Mental health problems do not affect three or four out of every five persons but one out of one. ~William Menninger
The recent suicide death of actor, Robin Williams, has had a deep impact on people of all ages and walks of life. His talents have undoubtedly crossed our paths in one way or another over the past 30+ years. It is strange to think that the death of this man, a stranger to most of us, has such an impact. But the impact is unmistakable.
The truth is that we do not know Robin Williams on a personal level. Most of us have never met him or spoken to him. However, we have invited him into our homes, hearts, and lives through his movies and various roles. In his death, he represents to us our friends and family and loved ones. He is a face that we now associate with depression and suicide. He was someone who outwardly to the world seemed “okay” and “happy” and “funny,” though privately was suffering with the weight of depression. He was someone who appeared to many to have everything; family, success, money, fame, and more. Yet, he still suffered with depression.
His death serves as a reminder of our own vulnerability and the vulnerability of our loved ones. Anyone can have experience depression. You, your mother, brother, best friend, or child, or a stranger on the street. Robin Williams’s death brings this vulnerability frighteningly close to home.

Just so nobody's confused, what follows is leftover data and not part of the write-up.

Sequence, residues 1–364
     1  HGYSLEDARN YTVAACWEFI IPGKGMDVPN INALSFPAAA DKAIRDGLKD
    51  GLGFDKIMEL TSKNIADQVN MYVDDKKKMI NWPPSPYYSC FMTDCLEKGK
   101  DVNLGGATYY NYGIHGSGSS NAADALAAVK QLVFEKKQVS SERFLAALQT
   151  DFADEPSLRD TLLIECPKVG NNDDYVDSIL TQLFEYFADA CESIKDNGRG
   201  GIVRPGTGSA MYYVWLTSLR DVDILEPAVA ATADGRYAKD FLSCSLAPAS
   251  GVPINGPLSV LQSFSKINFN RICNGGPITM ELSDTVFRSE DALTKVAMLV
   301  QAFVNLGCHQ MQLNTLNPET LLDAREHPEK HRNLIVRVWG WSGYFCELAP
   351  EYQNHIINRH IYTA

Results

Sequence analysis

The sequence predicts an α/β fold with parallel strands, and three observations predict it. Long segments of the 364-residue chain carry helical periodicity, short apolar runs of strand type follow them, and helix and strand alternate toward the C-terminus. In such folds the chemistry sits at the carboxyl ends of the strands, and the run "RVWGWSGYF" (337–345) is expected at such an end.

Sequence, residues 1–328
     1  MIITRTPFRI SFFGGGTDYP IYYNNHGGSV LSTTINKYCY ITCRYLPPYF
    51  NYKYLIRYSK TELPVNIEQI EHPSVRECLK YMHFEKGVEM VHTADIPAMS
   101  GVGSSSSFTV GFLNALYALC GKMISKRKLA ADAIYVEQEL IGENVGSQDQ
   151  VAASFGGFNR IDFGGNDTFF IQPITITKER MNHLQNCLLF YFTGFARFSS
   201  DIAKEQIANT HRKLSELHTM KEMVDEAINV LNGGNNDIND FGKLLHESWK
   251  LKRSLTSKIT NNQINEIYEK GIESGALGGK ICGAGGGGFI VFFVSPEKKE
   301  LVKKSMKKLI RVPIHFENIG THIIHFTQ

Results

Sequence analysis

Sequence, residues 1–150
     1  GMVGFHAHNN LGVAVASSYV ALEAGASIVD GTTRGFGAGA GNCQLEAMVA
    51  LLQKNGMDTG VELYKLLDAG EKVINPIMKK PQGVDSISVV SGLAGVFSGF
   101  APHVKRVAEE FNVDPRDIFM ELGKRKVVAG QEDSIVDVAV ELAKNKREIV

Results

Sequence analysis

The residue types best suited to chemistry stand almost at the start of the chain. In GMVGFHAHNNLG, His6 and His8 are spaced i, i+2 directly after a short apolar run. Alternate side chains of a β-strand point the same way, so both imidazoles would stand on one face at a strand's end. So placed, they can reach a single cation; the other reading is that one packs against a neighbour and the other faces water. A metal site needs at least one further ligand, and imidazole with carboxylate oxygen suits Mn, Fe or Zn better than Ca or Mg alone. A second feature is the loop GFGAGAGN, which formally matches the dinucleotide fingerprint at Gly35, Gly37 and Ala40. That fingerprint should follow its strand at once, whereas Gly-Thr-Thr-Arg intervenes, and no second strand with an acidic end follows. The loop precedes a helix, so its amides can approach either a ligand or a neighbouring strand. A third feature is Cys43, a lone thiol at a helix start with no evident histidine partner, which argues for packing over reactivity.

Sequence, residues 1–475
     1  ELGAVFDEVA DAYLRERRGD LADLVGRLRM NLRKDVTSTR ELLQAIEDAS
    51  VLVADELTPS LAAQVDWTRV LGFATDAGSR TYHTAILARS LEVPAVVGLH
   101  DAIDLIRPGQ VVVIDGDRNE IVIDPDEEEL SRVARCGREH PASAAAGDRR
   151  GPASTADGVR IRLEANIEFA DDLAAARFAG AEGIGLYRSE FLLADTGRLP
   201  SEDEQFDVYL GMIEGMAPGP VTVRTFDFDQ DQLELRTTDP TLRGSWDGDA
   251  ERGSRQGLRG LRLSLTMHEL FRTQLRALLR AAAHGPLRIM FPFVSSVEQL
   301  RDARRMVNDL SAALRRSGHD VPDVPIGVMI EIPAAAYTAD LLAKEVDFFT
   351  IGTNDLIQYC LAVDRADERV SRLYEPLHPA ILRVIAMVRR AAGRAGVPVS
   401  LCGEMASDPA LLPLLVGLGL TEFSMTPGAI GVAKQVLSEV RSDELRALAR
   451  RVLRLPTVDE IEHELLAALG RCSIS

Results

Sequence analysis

Mental health problems affect everyone. You do not need to be suffering from a mental illness to be affected by mental illness, as each of us knows someone who is, whether or not we realize it. It may be depression, anxiety, ADHD, bipolar disorder, or PTSD. But we all know someone who suffers, whether silently, or out loud.
Mental illness unfortunately continues to carry a stigma in our world, despite the prevalence. There is stigma associated with having a mental illness, of seeking treatment for mental illness, as well as not seeking treatment for mental illness. For many people, there seems to be no solution.
If you find that you, or someone you love is experiencing depression or having thoughts of suicide, please get help. Contact a professional, whether a counselor, psychologist or other mental health professional as there is help available. You may also contact a 24-hour crisis line for assistance for yourself or your loved one at 1-800-248-7475.
Karen Rosian, Psy.D.
Licensed Clinical Psychologist